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Ed Sheeran review, Cardiff: Stadium show reminds us why he’s no longer sofa-surfing

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At the biggest show Wales has ever seen, Ed Sheeran delivers an invigorating but uneven set that is free from surprises – or risk. We know it’s Wales’s biggest show ever because he mentions it, twice. The singer-songwriter is fond of numbers. Less fond of his band, it seems, who are allowed to come out for approximately four songs during the two-hour set at Cardiff’s Principality Stadium. But hey, Sheeran has loop pedals. He’s basically a band on his own.

This hits-loaded performance is a positive switch-up from the 31-year-old’s irritatingly basic Glastonbury headliner in 2017. He comes out swinging – from a rotating, circular stage in the centre of the stadium – with “Tides”, the anthemic opener from last year’s album = (Equals). “Blow”, his (teeth) grinding number with Chris Stapleton and Bruno Mars, feels like an odd choice to follow, setting the crowd up for a big, Springsteen-level rock show. But from there Sheeran guides us into an evening of his most uplifting pop songs and wedding-friendly ballads.

Given most fans here must surely know Sheeran’s story – that he started out sofa-surfing and playing tiny gigs around the UK – it’s a touch odd that he brings it up so often. What’s impressive is to hear how many of those songs still sound fresh. Debut single “A Team”, with its tender guitar strumming and frank yet evocative lyrics, is as affecting as ever. It’s amusing when he introduces “Give Me Love” as one his audience might not know (well sure, it only has half a billion streams). But the rendition itself is gorgeous, building steadily over layered vocal harmonies into a rousing cri de coeur.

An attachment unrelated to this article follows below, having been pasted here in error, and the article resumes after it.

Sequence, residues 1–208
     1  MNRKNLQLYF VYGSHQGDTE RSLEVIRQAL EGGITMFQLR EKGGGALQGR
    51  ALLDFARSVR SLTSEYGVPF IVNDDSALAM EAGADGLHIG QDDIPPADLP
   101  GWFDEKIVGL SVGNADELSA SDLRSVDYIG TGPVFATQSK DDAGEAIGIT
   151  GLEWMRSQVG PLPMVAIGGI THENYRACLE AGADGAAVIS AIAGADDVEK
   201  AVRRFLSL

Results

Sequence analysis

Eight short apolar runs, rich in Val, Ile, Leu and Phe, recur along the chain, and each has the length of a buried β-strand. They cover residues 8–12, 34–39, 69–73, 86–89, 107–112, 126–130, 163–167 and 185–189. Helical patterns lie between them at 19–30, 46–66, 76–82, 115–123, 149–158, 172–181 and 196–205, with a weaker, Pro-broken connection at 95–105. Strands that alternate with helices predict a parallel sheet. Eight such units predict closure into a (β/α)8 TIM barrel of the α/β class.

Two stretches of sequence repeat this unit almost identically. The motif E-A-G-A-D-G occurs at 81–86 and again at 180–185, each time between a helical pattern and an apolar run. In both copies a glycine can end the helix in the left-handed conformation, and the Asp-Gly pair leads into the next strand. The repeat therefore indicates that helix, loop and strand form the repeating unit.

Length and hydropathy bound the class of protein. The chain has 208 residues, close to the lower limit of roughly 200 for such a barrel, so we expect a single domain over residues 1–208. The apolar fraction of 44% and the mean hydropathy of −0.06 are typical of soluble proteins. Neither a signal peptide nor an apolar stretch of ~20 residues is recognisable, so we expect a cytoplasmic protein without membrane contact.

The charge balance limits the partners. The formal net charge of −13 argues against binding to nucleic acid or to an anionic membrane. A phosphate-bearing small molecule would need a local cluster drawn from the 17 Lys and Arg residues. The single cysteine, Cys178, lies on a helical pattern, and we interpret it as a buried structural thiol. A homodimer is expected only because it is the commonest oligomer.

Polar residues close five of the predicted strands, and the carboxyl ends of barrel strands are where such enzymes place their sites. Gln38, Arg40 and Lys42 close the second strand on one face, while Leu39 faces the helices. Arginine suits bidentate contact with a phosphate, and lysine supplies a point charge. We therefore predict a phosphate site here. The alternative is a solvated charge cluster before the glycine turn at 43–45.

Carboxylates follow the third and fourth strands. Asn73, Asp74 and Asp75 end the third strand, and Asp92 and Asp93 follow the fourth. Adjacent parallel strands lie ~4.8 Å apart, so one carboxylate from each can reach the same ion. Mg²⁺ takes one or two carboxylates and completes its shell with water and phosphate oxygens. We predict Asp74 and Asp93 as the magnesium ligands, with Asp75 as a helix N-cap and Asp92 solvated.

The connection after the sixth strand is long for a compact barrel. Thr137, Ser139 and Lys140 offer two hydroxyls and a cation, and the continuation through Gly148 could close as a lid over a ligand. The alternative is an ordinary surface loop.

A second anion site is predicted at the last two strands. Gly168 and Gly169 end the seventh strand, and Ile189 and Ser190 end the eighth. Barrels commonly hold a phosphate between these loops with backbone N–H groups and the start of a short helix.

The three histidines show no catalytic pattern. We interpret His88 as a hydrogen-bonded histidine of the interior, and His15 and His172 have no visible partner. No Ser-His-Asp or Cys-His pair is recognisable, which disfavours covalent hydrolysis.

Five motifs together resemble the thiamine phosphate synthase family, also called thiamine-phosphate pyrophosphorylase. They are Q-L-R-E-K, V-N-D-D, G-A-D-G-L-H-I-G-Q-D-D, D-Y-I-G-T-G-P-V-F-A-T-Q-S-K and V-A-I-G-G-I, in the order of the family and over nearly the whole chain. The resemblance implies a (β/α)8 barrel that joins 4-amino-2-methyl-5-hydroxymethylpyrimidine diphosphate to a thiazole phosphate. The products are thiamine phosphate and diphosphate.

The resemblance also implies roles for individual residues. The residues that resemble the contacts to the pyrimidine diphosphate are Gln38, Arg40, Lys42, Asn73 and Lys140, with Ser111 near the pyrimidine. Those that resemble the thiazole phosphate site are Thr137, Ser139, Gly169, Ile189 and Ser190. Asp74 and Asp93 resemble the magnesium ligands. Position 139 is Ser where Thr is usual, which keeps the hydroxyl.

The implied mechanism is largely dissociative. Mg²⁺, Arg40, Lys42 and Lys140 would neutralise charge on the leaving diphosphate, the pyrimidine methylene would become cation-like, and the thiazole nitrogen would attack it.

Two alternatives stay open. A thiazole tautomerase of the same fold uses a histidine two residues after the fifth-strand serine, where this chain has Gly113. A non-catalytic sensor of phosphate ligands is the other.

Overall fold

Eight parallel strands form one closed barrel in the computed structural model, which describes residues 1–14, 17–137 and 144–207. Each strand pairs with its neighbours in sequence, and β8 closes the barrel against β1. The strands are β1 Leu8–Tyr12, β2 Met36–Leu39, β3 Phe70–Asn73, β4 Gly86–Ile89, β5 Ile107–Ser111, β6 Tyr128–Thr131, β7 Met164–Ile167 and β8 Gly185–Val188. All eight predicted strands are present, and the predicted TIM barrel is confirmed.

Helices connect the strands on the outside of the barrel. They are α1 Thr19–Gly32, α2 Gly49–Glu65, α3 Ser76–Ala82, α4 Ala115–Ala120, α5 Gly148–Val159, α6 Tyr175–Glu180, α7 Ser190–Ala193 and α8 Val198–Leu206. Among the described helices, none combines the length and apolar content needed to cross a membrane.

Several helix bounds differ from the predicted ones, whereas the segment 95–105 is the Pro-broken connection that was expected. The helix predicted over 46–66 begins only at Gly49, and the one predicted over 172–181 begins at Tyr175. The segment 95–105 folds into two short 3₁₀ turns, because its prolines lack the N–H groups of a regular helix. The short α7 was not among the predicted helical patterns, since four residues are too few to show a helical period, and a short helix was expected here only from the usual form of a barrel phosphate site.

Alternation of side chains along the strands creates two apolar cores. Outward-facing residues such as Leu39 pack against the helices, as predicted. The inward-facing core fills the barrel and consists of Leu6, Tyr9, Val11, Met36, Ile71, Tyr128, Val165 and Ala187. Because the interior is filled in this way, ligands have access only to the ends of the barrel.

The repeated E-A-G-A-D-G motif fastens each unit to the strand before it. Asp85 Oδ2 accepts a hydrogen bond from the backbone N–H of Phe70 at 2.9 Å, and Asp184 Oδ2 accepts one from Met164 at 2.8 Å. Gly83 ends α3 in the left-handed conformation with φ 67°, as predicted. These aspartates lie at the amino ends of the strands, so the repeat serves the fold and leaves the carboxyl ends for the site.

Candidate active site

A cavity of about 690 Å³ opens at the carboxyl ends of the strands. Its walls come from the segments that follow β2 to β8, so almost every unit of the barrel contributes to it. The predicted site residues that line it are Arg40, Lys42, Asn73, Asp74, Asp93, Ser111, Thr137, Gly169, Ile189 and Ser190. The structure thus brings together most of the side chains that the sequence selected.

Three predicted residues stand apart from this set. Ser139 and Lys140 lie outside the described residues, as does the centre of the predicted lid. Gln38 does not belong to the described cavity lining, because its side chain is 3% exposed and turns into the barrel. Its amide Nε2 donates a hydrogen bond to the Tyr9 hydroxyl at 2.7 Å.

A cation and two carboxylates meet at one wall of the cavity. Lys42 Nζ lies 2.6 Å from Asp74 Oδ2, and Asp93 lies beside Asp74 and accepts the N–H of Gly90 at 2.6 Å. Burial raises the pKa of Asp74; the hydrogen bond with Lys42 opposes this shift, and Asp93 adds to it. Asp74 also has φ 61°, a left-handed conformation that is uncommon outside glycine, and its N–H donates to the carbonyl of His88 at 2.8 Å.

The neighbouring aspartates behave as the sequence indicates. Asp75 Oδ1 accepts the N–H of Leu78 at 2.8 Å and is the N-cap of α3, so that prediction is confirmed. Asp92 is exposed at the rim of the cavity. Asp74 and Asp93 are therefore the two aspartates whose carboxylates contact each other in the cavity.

Some songs, such as “Shape of You”, feel oddly rushed: at one point, Sheeran actually seems to stumble over the sped-up tempo. When he interpolates “Don’t” with “No Diggity”, it’s as if he’s deliberately referencing his recent plagiarism trial, during which he sang the Blackstreet track to demonstrate how countless songs have fundamental similarities. There are plenty of nods to other artists during the set: “Sing” has Pharrell’s Latin-style guitar punch, while recent single “Bad Habits” races along a Bronski Beat-indebted synth line.

As he returns for an encore, I wonder if the reason Sheeran feels compelled to rattle out all those stats to his fans is that he still doesn’t believe in his own success. That would explain why the live show feels like as much of an exercise in box-ticking as some of his albums: he’s so keen to make sure everyone’s having a good time, he forgets to enjoy it himself. But then there are rare moments – like his barn-storming “You Need Me, I Don’t Need You” – where he really does look like he’s having a blast. And those earlier songs are the best reminder of why Sheeran is in stadiums, now, not on sofas.

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